To Surf Or Not To Surf?: A Study on the Fukushima Nuclear Spill and Its Potential Relevance In the Life of a West Coast Surfer

Photo: Christor Lukasiewicz

Photo: Christor Lukasiewicz

Mother always says, “There’s no use crying over spilled milk.” But when it comes to nuclear spills, I think mom- and Mother Nature – might have a second opinion.

When I think about nuclear waste, I picture a green gooey chemical that gives you super powers when you accidentally fall into a barrel of it. In other words, I’m about as clueless of the properties of nuclear waste as I am about quantum physics: I know it exists, but that’s about it.

Like most human beings, I’m not particularly inclined to immerse myself in knowing this, that, and the other about a topic that doesn’t involve something I’m passionate about. Call me careless, but that’s my best explanation for why I haven’t taken an interest in the likes of this nuclear spill until now. Unfortunately, my lack of knowledge hasn’t stopped the world currents from flowing as they always have, and I have become increasingly more aware of the reality of this situation. Why? Because I’m a surfer. And my semester-long dreams of sifting through the glorious waves of the sea come summertime was recently put on hold because of the potential dangers of radioactive material in my home away from home: the Pacific ocean.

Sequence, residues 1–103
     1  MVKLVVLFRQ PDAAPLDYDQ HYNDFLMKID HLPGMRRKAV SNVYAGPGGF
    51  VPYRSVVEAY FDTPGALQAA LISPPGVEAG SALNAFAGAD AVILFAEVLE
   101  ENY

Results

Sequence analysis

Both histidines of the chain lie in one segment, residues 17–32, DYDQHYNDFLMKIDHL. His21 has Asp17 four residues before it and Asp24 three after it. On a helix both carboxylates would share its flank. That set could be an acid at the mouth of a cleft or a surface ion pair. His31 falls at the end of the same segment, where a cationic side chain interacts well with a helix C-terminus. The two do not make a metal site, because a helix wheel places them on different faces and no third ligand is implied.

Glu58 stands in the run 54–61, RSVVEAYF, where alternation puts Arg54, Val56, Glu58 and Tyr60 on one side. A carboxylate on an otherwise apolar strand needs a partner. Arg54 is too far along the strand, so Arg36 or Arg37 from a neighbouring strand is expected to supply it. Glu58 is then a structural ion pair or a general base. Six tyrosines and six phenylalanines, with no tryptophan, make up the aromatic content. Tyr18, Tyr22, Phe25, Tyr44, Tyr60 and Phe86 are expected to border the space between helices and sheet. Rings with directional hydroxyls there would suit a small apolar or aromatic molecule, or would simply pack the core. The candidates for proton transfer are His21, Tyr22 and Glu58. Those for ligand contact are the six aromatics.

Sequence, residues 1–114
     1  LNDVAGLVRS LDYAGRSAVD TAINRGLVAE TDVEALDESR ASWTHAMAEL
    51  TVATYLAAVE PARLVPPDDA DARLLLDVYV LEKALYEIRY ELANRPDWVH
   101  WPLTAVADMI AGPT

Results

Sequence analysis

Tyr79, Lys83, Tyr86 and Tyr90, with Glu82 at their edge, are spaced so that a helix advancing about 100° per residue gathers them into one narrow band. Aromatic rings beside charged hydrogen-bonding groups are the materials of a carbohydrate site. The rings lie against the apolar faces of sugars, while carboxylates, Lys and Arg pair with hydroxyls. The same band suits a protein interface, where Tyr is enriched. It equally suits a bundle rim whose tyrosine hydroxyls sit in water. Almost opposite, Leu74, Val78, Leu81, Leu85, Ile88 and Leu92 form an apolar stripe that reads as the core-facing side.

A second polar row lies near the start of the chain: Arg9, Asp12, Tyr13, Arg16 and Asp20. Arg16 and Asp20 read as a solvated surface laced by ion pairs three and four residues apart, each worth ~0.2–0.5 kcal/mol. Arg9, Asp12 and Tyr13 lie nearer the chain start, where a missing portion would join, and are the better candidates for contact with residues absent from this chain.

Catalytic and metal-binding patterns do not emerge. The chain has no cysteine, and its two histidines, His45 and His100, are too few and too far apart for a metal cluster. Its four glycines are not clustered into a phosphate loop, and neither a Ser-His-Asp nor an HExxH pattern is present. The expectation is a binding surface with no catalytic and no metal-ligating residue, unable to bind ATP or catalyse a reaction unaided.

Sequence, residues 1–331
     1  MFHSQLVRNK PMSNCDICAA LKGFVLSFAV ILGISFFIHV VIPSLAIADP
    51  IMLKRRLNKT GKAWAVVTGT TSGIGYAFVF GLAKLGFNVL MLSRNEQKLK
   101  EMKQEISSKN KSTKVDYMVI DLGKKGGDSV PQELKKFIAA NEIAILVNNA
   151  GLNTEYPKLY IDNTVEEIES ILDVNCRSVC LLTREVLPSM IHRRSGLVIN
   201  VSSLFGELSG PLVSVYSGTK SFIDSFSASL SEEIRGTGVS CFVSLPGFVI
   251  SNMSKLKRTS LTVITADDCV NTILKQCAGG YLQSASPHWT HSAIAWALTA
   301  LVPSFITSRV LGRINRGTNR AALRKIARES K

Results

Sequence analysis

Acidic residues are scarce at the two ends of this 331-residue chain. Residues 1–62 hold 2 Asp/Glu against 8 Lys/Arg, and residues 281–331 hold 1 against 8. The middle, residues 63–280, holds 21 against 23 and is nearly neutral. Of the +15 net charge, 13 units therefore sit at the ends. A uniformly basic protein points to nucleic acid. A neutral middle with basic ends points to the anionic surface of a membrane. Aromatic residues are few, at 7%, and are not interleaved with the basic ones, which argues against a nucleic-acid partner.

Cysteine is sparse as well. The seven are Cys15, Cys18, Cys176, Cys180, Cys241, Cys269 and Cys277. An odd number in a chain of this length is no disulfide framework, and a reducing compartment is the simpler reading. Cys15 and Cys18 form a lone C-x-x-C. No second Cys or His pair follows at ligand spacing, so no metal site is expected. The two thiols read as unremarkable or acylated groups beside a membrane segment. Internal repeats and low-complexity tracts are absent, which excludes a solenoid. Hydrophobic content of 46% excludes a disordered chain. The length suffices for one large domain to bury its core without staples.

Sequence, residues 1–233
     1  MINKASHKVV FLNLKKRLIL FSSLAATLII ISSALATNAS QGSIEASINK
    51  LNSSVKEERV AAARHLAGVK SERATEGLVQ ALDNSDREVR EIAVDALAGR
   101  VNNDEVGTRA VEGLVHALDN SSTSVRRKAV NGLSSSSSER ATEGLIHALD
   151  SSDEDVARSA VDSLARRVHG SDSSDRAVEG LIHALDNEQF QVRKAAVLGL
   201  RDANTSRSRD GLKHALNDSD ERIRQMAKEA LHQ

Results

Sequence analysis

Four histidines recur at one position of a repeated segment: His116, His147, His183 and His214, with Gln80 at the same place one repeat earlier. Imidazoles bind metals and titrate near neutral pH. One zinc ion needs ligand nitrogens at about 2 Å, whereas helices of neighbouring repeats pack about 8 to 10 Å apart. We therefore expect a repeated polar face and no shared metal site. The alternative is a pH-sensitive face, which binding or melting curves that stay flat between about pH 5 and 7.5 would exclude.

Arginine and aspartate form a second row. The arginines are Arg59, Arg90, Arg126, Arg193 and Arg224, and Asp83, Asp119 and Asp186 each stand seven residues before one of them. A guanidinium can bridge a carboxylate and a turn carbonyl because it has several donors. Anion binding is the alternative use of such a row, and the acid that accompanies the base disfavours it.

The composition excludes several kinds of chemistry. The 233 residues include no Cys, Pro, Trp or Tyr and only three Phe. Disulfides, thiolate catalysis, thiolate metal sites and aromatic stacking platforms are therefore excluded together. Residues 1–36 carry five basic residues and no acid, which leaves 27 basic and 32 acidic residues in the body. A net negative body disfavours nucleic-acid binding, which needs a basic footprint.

For logical reasons countries have, to one degree or another,  dabbled with nuclear power for at least a couple of generations. Although I am a newbie and couldn’t explain to you the pros or cons of this fact, I remember hearing the terms “nuclear spill” and “radioactive material” throughout my whole life. I’m from the small town of Simi Valley, home of one of the world’s largest nuclear spills in history. We actually just (celebrated?) the fiftieth year anniversary of the spill, although instead of champagne, we toasted with green tea, because it’s full of antioxidants and disease-fighting qualities. Because when you live within a ten mile radius of one of the biggest nuclear spills in the history of the world, you probably want to be a bit more health conscious than the average person.

The main concern was that the effects of high exposure to radiation manifest over long periods of time, so the many diseases that can occur as a result to this kind of exposure would not do so until later on in life. That’s why Japanese government officials and scientists are concerned about the future health of their people. In the event of the Fukushima spill, brought on by a horrendous tsunami, many people suffered direct contact with highly potent radioactive ocean water. As a result, the Japanese government put strong restrictions on the sale and consumption of fish within a certain distance of the disastrous event. But time has passed, and certain restrictions have started to fade away.

Intriguing news that leaked about a group of US sailors who were emergency responders at the scene of the tsunami raised questions and concern about the spill. When the USS Ronald Reagan responded promptly to the Fukushima disaster, their willingness to aid in the relief was greatly influenced by what is now being recognized as a huge lie fed to them by the Tokyo Electric Power Company that reassured them that they would be safe from radiation exposure as long as they stayed away from certain areas while they were there.